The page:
By A.D. 1350, Mound Bottom and Pack appear to have been abandoned as a major centers, and while mound building and repair ceased, both sites continued to be used as burial locations. This change corresponds to a period of apparent political destabilization in the region, as the centralized authority of Mound Bottom and other large early sites gave way to fortified, autonomous village centers.[7] This is followed in turn by a gradual abandonment of the region toward the end of the fourteenth century. According to Moore and Smith (2009, page 210), by A.D. 1475, Mississippian settlement of the region Mississippian populations drop well below the level of archaeological visibility.[7]

Mound Bottom in recorded history[edit]

THC marker along Cedar Hill Road

Early Tennessee historian John Haywood noted Mound Bottom's importance as an aboriginal site in 1823, and early settlers reported seeing large fortifications and towers at the site. In the late 1860s, Joseph Jones of the Smithsonian Institution investigated several prehistoric sites in Tennessee, and reported "extraordinary aboriginal works" at Mound Bottom.[11]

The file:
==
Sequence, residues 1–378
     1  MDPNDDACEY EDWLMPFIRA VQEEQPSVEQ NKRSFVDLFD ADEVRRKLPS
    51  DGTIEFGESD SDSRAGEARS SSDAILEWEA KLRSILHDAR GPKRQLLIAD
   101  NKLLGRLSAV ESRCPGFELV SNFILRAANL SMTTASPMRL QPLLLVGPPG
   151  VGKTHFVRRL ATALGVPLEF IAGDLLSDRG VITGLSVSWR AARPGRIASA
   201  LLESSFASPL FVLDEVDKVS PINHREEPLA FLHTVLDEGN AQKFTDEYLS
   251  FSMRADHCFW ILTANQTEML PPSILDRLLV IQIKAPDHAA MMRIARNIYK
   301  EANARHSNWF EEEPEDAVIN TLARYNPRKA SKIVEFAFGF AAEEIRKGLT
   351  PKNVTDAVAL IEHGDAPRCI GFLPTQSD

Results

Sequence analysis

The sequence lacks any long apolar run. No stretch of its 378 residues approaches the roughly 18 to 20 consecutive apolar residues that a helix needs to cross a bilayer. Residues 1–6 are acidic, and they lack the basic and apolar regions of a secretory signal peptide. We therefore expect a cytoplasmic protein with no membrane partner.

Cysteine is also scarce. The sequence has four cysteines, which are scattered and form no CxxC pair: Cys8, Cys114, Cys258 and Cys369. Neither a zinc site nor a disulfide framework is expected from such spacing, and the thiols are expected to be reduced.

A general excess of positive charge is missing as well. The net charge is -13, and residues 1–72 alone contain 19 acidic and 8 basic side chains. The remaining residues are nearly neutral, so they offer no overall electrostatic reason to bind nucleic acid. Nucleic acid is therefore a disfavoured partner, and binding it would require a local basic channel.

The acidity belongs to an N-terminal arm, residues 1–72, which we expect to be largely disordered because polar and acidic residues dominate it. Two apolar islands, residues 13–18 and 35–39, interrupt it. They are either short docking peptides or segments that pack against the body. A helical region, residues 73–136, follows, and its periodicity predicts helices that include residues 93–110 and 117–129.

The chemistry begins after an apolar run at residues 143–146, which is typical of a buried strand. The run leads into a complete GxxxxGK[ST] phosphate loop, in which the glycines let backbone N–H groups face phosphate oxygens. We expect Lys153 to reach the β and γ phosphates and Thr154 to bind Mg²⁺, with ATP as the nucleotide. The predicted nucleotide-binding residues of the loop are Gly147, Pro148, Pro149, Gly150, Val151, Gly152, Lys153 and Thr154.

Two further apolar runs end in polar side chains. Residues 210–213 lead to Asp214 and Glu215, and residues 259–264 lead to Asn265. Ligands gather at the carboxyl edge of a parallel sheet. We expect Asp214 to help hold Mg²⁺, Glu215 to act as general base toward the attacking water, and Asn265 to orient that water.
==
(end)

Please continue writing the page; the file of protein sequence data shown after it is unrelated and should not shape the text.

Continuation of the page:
In 1923, William E. Myer, also working with the Smithsonian, carried out the first modern investigation of the Mound Bottom site. Myer uncovered evidence of a structure and hearth atop one of the mounds at the Pack site and evidence of 10 ancient houses at Mound Bottom. Tennessee state archaeologist P.E. Cox followed up on Myer's finds in 1926, uncovering a number of stone box burials and baked clay floors. Parmenio Edward Cox, Tennessee’s first State Archaeologist, conducted a month of fieldwork at Mound Bottom in 1926. Cox excavated at least 70 graves and tested nine mounds No report on those excavations was published. In 1936, 1937, and 1940 the University of Tennessee conducted excavations at both Mound Bottom and the Pack Site under the auspices of the Works Progress Administration. Those excavations were directed by Charles Nash, and examined several cemeteries and a burial mound.[1]